Construction of sperm-specific lactate dehydrogenase DNA vaccine and experimental study of its immunocontraceptive effect on mice
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Lactate dehydrogenase C4 (LDHC4) is a key enzyme for sperm metabolism. It is distributed specifically in testis and is highly immunogenic. In this study, two DNA vaccines pVAX1-hLDHC and pVAX1-mLDHC were constructed by inserting coding sequences of human and mice LDHC4 into the eukaryotic expression vector pVAX1. The production of LDHC4 specific antibodies was induced in the sera of vaccinated mice and the reproductive tract secretions of vaccinated female mice through immunization by mucosal surface instillation. Furthermore, the antibody titer increased with the times of immunization. In the mating experiment, the number of newborns of the vaccinated mice reduced significantly and some immunized female mice even lost the ability to bear any offsprings, suggesting that the difference between the immunized and control mice was statistically significant. Sperm agglutination analysis indicated that both the antisera from immunized mice and the reproductive tract secretions of vaccinated female mice could agglutinate normal sperms. Results of immunohistochemistry showed that the antibodies present in the sera of immunized mice and the reproductive tract secretions of vaccinated female mice could specifically react with LDHC4 antigen, which mainly locates in the cytoplasm, acrosome membrane externa and acrosome capsule of the sperm. Taken together, our results indicated that the constructed contraceptive DNA vaccines did yield immunocontraceptive effects on mice and this would enable clinical trials in near future.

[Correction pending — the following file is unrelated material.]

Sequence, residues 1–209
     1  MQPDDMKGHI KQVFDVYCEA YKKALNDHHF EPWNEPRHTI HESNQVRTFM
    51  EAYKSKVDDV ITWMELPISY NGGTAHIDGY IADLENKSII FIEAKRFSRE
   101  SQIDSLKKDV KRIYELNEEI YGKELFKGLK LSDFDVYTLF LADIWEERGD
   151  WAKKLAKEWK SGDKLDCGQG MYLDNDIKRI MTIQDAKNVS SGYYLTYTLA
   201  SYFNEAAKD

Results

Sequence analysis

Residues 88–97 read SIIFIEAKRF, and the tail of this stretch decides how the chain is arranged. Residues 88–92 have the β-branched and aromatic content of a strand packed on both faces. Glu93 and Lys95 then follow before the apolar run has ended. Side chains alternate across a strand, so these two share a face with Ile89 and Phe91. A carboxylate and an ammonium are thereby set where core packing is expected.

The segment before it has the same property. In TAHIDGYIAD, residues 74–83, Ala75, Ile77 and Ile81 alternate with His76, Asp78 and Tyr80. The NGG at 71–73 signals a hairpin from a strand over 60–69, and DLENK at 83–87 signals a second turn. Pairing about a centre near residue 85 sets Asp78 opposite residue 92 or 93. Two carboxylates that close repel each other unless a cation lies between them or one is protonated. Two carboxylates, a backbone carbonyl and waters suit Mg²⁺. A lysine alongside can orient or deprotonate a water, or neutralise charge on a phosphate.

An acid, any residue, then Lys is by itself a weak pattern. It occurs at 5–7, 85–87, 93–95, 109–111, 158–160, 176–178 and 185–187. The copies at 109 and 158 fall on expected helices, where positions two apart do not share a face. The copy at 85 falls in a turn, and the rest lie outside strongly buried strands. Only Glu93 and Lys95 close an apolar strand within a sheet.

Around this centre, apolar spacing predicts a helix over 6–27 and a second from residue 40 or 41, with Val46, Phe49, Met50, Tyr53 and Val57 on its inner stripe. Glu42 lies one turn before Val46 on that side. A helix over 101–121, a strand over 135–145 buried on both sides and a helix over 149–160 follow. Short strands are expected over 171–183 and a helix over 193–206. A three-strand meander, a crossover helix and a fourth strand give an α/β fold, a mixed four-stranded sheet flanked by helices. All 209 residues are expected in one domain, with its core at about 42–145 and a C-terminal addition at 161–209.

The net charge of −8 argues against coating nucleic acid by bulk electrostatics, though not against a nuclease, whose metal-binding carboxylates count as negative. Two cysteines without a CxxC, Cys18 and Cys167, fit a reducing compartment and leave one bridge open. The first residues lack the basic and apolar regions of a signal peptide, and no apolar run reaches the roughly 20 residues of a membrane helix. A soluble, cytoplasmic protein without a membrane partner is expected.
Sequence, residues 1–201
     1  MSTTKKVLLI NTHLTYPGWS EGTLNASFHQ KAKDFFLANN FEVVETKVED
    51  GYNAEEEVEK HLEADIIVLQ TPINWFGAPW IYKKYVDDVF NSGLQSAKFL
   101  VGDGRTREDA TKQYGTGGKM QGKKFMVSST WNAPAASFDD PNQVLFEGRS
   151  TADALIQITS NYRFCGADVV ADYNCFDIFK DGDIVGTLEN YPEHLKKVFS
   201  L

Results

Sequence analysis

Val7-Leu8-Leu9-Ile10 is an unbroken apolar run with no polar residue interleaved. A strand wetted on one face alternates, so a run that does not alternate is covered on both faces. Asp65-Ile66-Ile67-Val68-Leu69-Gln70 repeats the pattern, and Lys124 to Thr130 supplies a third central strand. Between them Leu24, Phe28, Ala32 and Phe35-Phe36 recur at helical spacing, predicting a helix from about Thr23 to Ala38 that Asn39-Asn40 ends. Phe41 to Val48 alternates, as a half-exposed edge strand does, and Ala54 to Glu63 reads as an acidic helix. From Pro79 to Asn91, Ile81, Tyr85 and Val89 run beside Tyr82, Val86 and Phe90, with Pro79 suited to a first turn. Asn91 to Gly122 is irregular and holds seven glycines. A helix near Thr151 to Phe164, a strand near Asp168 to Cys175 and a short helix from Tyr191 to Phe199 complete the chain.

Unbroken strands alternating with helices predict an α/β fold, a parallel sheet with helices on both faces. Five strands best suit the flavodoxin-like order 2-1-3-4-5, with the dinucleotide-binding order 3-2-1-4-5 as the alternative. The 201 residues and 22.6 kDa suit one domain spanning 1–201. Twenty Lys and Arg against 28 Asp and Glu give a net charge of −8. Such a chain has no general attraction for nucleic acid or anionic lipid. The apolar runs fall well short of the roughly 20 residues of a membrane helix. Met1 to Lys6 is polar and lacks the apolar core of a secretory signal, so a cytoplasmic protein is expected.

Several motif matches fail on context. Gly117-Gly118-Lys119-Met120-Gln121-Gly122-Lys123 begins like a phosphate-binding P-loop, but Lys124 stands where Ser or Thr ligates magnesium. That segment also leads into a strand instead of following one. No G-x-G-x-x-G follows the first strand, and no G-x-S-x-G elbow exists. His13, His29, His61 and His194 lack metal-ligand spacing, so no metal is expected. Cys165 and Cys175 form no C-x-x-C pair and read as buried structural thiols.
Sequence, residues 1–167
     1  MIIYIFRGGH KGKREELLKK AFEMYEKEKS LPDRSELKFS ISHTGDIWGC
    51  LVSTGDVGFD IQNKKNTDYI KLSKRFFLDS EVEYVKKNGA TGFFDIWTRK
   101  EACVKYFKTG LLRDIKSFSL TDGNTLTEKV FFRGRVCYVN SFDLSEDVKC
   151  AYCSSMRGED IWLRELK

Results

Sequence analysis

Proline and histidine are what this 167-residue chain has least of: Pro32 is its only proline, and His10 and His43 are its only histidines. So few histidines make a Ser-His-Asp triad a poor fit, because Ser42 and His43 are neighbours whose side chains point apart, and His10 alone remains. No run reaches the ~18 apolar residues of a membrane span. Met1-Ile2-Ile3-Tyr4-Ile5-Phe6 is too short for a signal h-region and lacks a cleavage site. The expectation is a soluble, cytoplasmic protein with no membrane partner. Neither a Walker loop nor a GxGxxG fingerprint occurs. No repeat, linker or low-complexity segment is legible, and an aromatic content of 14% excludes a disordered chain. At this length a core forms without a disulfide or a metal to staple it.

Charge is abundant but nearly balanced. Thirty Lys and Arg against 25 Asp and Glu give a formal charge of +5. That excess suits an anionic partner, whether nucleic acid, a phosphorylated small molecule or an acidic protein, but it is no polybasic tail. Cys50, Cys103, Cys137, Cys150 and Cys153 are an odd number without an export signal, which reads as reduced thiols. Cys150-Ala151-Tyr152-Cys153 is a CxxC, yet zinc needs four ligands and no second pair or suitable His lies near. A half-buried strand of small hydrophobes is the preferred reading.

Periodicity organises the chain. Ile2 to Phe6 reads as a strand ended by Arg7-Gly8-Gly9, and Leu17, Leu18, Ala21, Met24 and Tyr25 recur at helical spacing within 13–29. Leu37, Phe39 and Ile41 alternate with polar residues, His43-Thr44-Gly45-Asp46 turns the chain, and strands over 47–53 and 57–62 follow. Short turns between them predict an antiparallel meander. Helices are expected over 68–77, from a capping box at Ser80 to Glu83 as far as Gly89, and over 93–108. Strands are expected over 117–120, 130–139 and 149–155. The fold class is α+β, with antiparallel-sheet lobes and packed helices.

Keywordssperm-specific lactate dehydrogenase DNA vaccine contraceptive vaccine mucosal immunization
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